One of the things I always suggest is public access. If you are in Richmond VA, there must be something you can get in on. Public access is free and you get to learn all the equipment you want.

Also, about equipment:
Prosumer cameras are expensive to buy and rent. However, if you can afford to rent one, you can afford to buy one. That is how I decided to buy my camera. Then I read over the manual. Some stuff I could use a refresher on, but not the important stuff and I get to take all the time I want to learn it.

On the technical side, I dunno. I worry about my ability to understand it, because I'm kind of retarded when it comes to anything dealing with geometry or mathematics in general, and I could be completely off-base on this, but it seems filmmaking requires some form of comprehension for these things.

This sounds just like me. I know my questions are remedial. And I appreciate this site for their patience with them. Everything I ever learned in computers, I have had to teach myself -- with a couple of exceptions -- never had a computer class or requirement in school which is why I have weird gaps in my knowledge. But I am picking things up and so will you :)

There's certain things I get just from watching as many films as I've watched (which I like to think is a lot). It's not that I think quantity solves everything. I just feel like as someone who wants to be a student of film, it should just go without saying that I should be willing to look and absorb everything from every level of film, from some huge Hollywood piece of crap to something that was obviously shot when the cops weren't looking to a good though overlooked TV movie from the 80's to some deeply personal indie film classic to some B-grade horror movie that's long on breast shots and short on anything even coming close to a point.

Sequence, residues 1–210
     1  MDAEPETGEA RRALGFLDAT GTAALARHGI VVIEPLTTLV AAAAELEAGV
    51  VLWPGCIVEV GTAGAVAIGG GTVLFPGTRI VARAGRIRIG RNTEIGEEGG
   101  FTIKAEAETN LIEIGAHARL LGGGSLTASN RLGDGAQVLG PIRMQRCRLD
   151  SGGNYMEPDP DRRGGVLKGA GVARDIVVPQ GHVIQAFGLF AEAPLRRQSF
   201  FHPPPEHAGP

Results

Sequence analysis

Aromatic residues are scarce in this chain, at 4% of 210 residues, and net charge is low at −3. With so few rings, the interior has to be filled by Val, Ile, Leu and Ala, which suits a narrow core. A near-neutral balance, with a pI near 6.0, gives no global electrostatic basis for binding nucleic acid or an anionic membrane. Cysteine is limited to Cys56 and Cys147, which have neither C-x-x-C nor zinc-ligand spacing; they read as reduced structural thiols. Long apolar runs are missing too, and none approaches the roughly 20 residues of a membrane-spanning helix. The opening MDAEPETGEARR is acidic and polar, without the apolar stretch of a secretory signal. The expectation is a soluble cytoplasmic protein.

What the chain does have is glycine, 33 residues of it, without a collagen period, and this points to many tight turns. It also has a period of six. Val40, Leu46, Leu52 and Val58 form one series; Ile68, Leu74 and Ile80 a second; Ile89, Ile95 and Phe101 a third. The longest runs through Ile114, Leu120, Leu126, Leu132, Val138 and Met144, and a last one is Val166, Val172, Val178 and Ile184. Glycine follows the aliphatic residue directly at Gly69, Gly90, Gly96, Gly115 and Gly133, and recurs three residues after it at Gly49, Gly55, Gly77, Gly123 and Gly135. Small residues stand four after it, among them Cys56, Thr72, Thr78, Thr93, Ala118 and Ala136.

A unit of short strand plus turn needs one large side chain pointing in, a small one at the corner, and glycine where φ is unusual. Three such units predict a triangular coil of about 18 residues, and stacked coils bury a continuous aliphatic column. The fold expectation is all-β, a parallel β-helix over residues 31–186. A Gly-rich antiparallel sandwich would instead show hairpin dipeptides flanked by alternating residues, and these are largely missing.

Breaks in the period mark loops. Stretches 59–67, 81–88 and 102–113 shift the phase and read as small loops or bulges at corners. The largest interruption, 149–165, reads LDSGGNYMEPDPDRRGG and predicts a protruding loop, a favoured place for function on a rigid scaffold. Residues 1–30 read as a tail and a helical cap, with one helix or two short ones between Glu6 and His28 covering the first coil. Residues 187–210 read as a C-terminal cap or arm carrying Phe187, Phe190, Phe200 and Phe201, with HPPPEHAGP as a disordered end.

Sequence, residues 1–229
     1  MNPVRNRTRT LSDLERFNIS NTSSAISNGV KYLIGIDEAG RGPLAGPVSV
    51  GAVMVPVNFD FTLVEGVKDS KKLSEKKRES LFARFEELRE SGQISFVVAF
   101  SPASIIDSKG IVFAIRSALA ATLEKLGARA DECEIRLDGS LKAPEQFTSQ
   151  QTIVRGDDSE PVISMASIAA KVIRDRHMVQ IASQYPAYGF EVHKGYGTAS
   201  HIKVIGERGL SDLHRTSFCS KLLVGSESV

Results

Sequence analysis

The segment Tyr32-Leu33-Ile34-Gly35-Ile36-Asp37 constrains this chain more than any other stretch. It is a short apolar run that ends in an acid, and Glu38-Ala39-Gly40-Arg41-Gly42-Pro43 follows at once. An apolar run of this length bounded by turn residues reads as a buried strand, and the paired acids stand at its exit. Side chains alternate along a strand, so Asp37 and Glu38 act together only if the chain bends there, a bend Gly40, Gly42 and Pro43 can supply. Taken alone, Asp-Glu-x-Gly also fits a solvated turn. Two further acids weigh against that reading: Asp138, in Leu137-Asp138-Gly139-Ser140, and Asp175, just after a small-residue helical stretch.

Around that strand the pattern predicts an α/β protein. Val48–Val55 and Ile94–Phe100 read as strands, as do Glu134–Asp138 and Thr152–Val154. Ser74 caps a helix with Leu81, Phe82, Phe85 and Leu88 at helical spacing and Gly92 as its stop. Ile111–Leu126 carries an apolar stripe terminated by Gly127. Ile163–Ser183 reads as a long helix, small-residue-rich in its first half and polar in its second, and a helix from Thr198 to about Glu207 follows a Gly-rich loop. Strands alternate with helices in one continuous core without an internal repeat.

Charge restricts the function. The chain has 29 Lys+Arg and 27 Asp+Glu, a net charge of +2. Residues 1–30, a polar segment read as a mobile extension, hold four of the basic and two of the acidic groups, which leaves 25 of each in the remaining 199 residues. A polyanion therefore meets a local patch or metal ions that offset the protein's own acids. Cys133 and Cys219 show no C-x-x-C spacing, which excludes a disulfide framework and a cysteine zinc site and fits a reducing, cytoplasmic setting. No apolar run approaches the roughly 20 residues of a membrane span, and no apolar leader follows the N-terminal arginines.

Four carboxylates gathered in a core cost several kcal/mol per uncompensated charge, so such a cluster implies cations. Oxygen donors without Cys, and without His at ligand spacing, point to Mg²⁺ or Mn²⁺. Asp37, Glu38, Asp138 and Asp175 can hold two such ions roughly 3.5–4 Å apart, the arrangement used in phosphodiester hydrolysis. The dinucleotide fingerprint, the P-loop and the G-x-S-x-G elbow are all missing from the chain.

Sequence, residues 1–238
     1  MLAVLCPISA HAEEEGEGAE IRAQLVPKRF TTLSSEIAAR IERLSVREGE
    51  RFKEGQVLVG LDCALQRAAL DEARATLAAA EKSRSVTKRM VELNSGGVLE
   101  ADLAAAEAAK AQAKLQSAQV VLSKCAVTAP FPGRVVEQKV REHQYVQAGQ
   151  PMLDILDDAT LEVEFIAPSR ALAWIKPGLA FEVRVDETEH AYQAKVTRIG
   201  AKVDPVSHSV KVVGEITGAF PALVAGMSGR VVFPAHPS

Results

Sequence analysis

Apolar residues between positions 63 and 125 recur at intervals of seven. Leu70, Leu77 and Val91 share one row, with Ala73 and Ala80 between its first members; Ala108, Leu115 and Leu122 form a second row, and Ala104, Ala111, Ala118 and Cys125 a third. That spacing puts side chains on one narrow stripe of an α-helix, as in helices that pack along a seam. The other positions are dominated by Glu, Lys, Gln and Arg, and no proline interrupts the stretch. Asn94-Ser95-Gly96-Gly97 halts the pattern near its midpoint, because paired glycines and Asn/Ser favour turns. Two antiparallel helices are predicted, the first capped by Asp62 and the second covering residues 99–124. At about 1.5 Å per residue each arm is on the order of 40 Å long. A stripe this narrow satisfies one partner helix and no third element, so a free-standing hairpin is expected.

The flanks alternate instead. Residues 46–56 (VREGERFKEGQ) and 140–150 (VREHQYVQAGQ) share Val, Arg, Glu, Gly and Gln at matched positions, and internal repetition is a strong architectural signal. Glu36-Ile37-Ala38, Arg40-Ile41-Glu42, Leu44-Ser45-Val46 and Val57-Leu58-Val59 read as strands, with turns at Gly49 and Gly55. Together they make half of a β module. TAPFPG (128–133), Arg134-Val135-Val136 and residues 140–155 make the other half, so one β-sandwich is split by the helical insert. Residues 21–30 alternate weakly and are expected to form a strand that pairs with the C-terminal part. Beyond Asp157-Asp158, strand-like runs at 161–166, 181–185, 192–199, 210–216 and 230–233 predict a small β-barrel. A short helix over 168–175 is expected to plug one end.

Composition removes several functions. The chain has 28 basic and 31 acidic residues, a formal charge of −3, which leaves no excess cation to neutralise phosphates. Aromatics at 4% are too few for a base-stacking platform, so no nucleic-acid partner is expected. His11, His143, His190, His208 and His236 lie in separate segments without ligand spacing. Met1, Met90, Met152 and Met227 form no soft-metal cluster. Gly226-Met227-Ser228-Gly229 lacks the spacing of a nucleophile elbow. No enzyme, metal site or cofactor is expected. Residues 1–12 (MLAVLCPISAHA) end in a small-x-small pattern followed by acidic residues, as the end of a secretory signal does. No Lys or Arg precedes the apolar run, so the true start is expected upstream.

Watching films does give you an idea of what is possible. What to do, what not to do, what rules you can break or bend. And by the way, the piece of crap shot when the cops weren't looking is a tried and true tactic and is guerrilla filmmaking at its finest. :lol:

I have gotten quite an education from looking at independent films so that I know at least what I should be able to do and what I shouldn't be doing. What I can do and what I can't do yet. You learn more from the mistakes you make anyway. I don't think it would serve me -- or you -- to dwell on things that I don't know yet. I'll get to it, most likely sooner than later now. I have to step up my chances to learn. I still have to figure out how to key things out in Final Cut Pro, but I haven't had to make use of that as yet so I have yet to learn it.